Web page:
ESPN Eliminates Positions as Disney Shifts Focus to Streaming

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Cable television has been struggling for some time now, and the 2020 pandemic only accelerated the decline it seems. And now, it’s the worldwide leader in sports that’s suffering.

ESPN announced this week the elimination of 500 positions across the company, a reduction of about 10% of current staff, according to a report shared by Market Watch. 300 current employees are being released and another 200 open positions now won’t be filled. The move, the company says, is an effort to free up resources to focus more on digital and streaming.

Turning attention to “direct to consumer” content in the form of ESPN+ is something the company had plans to do anyway given consumers’ mass exodus from cable, but COVID-19 accelerated things. “Given the incredible success of Disney+ and our plans to accelerate our direct-to-consumer business, we are strategically positioning our Company to more effectively support our growth strategy and increase shareholder value,” said CEO Bob Chapek last month.

The streaming service has a current subscriber base of about 8.5 million people.

For decades, ESPN has feasted on fees they charge cable providers for the privilege of carrying their content. But as more and more people cut cable, that money has started to dry up. And when you account for the other side – ever-rising fees that ESPN has to pay to sports leagues like the NFL and MLB (billions of dollars a year per league), it’s not hard to see that something had to give.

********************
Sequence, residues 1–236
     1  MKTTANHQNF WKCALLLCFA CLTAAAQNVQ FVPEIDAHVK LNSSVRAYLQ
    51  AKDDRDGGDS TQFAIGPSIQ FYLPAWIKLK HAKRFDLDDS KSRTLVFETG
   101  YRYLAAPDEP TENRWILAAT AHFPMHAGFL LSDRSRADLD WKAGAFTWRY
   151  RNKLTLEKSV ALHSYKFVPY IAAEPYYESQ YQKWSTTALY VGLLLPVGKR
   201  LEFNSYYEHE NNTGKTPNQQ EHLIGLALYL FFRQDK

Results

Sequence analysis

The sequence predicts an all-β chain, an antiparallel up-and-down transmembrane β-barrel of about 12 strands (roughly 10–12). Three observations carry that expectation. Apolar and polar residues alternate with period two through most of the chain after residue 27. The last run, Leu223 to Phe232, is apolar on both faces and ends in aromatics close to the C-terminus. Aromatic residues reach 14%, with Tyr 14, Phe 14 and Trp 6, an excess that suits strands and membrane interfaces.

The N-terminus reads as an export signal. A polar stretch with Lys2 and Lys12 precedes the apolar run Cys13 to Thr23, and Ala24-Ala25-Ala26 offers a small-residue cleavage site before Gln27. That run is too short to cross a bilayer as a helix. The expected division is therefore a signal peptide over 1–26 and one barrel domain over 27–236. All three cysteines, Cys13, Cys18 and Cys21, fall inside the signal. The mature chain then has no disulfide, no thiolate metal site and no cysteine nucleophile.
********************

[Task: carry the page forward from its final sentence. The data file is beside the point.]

Viewers shouldn’t notice any major effects from these cutbacks for now, as on-air talent likely won’t be impacted. But ESPN did ask their on-air personalities to take pay cuts earlier in the year, so they’re not escaping trouble completely.

The most obvious changes will come in how content looks. Instead of sending full crews to games, content will now be produced remotely, saving significantly on travel costs. Instead of announcers calling a game on-site, they might watch a live feed and announce the action from far away. “A return to full-priced travel and remotes,” a company spokesperson said, “probably isn’t returning any time soon.”

If this tells us anything, it’s that viewing habits are changing yet again. People simply aren’t watching cable anymore, and it’s up to companies to adjust if they want to stay around.

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